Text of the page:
Time and again, Ruffin constructs a life’s history in the space of a page or two. His skill as a writer and his birthright as a New Orleanian equip him for the task ... Ruffin draws particular attention to ragged, flawed and unexpected relationships ... For all of Ruffin’s clear literary homages and influences, there are also, I sense, musical structures embedded in these intimate, often playful stories ... A sense of controlled improvisation allows him to lay claim to his city without resorting to either satire or pseudonym. It makes his book achingly truthful and incredibly accessible ... Ruffin knows that sometimes simply telling the truth isn’t enough to make a world familiar. It takes a chorus of stories, chaotic and loving, to bring a city to life. In this penetrating and energetic collection, as in the city it honors, the rhythm is as important as the details.
Ruffin writes with the clipped motion of the best comic books, and the unsparing tenderness of a poet. Readers enamored with the relentless lyricism of his novel may be surprised to find a gentler voice guiding these stories, without judgment. This softness is exactly what binds these patchwork chronicles into a vibrant and true mosaic of a place. I was occasionally disappointed whenever the lives of these characters moved in the expected direction, but who can truly resist the domineering forces pushing our trajectories along their course?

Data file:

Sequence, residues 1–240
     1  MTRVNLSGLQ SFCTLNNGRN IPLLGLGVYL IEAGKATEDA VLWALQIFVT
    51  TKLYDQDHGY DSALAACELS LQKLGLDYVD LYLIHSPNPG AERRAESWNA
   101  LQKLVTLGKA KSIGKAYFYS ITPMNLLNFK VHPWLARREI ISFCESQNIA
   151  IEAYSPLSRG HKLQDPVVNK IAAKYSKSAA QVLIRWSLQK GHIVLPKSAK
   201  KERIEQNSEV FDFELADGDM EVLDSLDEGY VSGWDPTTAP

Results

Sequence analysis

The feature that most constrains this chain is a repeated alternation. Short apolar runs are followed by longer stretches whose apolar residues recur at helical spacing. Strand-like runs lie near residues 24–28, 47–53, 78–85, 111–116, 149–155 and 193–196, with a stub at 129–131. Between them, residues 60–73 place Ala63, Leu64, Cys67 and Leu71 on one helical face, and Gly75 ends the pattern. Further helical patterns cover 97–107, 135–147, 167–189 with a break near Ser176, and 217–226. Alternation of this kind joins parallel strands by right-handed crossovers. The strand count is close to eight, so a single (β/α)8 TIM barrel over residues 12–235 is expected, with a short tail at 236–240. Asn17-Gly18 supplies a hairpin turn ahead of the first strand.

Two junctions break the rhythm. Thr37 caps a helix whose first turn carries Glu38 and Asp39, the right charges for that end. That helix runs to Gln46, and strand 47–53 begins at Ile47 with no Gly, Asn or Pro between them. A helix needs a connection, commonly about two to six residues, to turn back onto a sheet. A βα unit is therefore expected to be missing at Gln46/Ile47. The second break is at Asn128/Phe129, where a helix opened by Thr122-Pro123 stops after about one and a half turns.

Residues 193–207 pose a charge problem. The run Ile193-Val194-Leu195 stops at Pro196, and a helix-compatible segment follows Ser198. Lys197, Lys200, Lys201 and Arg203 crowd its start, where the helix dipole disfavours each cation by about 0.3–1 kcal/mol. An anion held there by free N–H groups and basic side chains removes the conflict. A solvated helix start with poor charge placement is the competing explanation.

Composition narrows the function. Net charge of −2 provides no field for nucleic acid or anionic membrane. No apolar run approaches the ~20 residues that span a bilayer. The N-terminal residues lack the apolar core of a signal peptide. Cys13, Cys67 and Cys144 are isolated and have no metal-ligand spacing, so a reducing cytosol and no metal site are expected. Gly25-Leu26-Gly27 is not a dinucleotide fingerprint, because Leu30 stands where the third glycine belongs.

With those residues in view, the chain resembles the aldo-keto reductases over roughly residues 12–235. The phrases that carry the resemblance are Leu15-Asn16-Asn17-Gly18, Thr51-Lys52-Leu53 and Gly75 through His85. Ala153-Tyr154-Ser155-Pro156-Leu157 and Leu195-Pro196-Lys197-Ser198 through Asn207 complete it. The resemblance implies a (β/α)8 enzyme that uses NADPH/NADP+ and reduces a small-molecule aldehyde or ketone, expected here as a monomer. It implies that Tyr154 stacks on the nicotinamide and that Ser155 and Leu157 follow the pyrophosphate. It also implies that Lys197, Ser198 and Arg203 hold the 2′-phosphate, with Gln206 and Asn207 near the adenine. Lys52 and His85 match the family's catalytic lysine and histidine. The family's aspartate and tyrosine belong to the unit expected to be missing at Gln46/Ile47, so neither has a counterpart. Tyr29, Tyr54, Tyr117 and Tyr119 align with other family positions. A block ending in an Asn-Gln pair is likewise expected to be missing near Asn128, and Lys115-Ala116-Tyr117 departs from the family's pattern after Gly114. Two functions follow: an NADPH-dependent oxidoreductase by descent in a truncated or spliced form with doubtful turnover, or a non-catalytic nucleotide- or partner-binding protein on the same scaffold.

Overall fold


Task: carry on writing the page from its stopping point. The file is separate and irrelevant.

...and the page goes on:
Ruffin effectively shows the reader the unseen and their ghosts. By seeing these characters, we can capture a glimpse of them, of their lives. We can empathize and understand their world a little better, and our world, too. In so many of Ruffin’s stories, we see the unseen, and what they are trying to do, but their generations, our generations, must talk to each other, must communicate. There is no better way to understand each other’s actions than hearing what is said from the ghosts in our lives, and in his collection, Ruffin tries to give the unseen as much of a spotlight as he can, and he tries to give their ghosts as much of a voice as he can. But hearing them, and seeing them, is up to us, as readers, as peoples.